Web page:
Is London cracking under the pressure?
As more high-profile cases of stress come to light, is it time to re-examine our working lives?
8 December 2013 | By Harry Cockburn
Stress currently affects 16% of British workers and costs employers a staggering £460m a day.
Last year, more than 10.4 million working days were lost to stress, and the condition, affecting five million people annually, has now surpassed back problems to become the most common cause for long-term absence.
But until recently, stress had a reputation as a woolly excuse offered up for underperformance. That is now beginning to change. Tangible financial losses are forcing managers to take notice of the issue, while several high-profile cases have precipitated more open discussions about stress.
In October, an FT interview with Lloyds chief executive Antonio Horta-Osario revealed that in late 2011, he had remained awake for an alarming five straight days and had still gone into the office. Soon afterwards, he was signed off with “extreme fatigue”. He said he decided to take time off after realising Lloyds was in a “worse shape than I thought when I took the job”.
Earlier in the year, Pierre Wauthier, the chief financial officer of Zurich insurance, was found hanged at his home in Switzerland, and had left a typed note that cited demoralisation by the firm’s chairman at the time.
Then, in November, Sir Hector Sants, former head of the FSA and in charge of the regulator during the banking crisis, permanently stepped down from a senior role at Barclays after already taking leave due to “exhaustion and stress”.
But perhaps the most shocking was the death of Moritz Erhardt, a “dedicated” 21-year-old intern at Merrill Lynch in London, who collapsed in August after working extreme hours. An inquest heard that his family knew he had a history of epilepsy, but the bank had not been informed. At the time, a colleague said to the Evening Standard: “He worked very hard and was very focused. We typically work 15 hours a day or more and you would not find a harder worker than him.”
Cases like these highlight issues that may have been continuing in organisations for years unchecked. Indeed, Merrill Lynch declined to comment on the hours Erhardt had been working, but email records show that on a number of occasions he had worked through the night.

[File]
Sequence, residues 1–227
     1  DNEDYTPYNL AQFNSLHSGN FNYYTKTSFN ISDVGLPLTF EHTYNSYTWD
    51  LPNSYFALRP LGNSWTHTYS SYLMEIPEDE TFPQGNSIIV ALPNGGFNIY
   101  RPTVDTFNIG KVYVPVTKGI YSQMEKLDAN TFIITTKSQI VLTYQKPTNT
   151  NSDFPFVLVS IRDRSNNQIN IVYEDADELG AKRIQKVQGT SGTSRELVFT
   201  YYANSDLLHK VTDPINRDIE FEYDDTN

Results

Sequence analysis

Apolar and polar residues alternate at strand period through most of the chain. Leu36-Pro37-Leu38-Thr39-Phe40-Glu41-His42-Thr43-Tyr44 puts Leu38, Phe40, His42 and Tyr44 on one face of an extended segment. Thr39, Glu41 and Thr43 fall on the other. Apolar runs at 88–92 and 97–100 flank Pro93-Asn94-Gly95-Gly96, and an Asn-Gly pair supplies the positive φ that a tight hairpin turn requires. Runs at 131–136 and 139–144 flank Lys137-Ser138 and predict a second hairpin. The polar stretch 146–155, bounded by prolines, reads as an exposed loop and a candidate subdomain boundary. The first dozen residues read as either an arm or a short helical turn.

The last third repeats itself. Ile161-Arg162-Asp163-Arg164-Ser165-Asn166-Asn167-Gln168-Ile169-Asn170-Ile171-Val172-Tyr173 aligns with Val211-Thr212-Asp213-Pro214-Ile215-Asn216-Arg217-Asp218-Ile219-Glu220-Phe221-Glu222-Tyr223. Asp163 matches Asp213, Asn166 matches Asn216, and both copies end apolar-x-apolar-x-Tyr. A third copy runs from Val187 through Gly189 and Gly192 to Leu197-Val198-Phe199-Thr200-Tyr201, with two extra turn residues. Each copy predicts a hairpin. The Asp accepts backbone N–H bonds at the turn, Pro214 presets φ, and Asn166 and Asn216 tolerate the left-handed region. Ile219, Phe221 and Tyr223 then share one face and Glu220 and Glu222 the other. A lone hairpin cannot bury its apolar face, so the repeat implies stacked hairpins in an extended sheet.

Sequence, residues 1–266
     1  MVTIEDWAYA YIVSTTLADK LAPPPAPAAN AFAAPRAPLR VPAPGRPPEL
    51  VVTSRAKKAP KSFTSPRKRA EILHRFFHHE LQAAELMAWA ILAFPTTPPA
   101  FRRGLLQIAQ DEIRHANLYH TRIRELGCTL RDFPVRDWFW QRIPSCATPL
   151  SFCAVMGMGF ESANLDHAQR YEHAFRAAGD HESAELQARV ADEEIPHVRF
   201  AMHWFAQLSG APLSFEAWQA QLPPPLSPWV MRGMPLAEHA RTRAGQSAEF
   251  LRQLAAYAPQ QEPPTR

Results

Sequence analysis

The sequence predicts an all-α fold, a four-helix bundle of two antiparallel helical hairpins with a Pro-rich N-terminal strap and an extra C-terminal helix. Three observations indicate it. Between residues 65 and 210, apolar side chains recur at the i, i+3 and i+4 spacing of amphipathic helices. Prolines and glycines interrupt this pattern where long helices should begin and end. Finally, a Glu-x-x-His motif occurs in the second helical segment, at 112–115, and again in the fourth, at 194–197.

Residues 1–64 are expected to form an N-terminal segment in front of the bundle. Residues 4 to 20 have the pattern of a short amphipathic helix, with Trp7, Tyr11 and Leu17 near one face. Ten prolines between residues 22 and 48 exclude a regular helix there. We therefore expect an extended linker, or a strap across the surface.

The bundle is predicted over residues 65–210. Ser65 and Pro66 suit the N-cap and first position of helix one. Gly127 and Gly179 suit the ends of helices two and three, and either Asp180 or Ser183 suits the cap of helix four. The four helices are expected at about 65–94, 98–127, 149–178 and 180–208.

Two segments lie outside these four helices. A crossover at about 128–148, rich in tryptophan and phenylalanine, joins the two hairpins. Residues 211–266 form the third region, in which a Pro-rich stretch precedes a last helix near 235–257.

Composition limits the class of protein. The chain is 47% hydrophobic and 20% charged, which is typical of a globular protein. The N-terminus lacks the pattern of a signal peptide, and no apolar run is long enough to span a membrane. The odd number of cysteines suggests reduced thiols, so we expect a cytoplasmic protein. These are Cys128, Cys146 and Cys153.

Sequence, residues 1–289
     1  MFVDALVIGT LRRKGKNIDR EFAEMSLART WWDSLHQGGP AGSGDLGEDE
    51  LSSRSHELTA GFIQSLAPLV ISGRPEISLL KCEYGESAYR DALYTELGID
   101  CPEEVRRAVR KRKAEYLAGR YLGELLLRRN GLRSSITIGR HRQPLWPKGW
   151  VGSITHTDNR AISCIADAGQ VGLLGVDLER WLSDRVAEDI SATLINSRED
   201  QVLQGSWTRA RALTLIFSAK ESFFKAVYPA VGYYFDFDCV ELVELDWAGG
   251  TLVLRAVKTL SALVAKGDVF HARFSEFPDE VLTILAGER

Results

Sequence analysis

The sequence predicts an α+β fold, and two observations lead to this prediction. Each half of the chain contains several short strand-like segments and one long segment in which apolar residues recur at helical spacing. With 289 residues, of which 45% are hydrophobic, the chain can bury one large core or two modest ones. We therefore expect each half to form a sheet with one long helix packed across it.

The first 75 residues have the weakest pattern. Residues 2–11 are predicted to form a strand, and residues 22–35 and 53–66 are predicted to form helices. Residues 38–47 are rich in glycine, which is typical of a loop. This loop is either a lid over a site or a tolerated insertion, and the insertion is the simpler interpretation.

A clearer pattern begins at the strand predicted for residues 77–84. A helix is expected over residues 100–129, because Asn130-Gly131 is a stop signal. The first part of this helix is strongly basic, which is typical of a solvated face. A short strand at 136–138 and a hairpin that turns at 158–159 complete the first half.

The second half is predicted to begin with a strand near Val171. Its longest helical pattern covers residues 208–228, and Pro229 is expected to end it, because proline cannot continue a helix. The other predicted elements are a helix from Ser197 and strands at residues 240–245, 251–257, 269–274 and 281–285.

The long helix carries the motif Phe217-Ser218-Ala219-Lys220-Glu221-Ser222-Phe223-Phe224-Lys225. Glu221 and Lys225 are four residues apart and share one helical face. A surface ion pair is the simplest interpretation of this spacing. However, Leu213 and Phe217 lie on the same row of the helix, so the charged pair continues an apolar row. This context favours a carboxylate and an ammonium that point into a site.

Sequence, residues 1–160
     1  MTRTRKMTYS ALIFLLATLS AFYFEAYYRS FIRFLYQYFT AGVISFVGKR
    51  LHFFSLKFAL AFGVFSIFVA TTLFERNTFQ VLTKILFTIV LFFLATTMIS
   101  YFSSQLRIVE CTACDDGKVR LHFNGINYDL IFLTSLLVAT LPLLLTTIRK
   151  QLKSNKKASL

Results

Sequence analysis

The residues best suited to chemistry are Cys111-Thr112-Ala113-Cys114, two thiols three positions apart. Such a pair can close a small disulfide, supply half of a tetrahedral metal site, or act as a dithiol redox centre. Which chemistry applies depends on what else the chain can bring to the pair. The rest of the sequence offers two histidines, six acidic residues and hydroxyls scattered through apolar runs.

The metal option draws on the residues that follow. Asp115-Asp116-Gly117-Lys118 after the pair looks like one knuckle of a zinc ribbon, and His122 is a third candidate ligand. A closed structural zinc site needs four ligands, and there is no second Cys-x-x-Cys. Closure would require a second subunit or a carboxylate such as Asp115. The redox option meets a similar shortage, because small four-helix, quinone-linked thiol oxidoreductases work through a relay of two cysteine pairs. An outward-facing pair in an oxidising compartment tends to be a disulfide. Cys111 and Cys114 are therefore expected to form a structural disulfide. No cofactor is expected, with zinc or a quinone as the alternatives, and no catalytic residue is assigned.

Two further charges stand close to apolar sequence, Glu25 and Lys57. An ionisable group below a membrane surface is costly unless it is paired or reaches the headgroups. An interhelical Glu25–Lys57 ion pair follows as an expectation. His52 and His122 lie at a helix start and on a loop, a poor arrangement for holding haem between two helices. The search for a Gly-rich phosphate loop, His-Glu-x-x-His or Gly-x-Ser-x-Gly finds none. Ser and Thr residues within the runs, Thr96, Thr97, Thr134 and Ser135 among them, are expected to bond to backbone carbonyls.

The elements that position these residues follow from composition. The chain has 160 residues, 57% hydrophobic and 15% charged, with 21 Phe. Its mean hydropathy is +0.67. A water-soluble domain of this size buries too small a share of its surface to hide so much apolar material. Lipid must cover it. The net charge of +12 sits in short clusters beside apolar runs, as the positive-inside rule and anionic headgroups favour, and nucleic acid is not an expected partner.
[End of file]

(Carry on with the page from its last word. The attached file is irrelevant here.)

On the whole, there is a growing appreciation of how damaging and costly stress can be, both from a corporate perspective, and in terms of risk management. Apart from anything else, employers risk expensive legal costs if they aren’t able to prove they have carried out their duty of care responsibilities.
Neil Shah, director of the Stress Management Society, says: “There are a lot of people who turn up for work where they don’t feel valued, they don’t feel supported, they’re put under heavy demands and heavy pressure. That results in low productivity, low morale, low levels of efficiency, high levels of mistakes, accidents, serious injury or death, absenteeism - which has financial implications for a business - and presenteeism, where people aren’t fit to be at work but they turn up anyway.”
“Now, with the diagnostic tools and metrics that are available, we’re able to easily measure and quantify what stress is costing a company both from a commercial perspective and culturally, and also what the impact on morale and staff turnover is.”
The reduced productivity resulting from presenteeism is now recognized as being more costly to the UK economy than absenteeism. It is estimated to stand at £15.1bn a year, compared to £8.4bn for absenteeism.
In addition to stress in the workplace, there is growing evidence that people are more stressed in their personal lives too.
Longer work hours are eating into time with family and friends, and social networking and instant messaging mean that employees can find that they’re on call 24/7.
Figures from the Trades Union Congress found that the average British worker now works an additional seven hours and 18 minutes of additional unpaid work every week.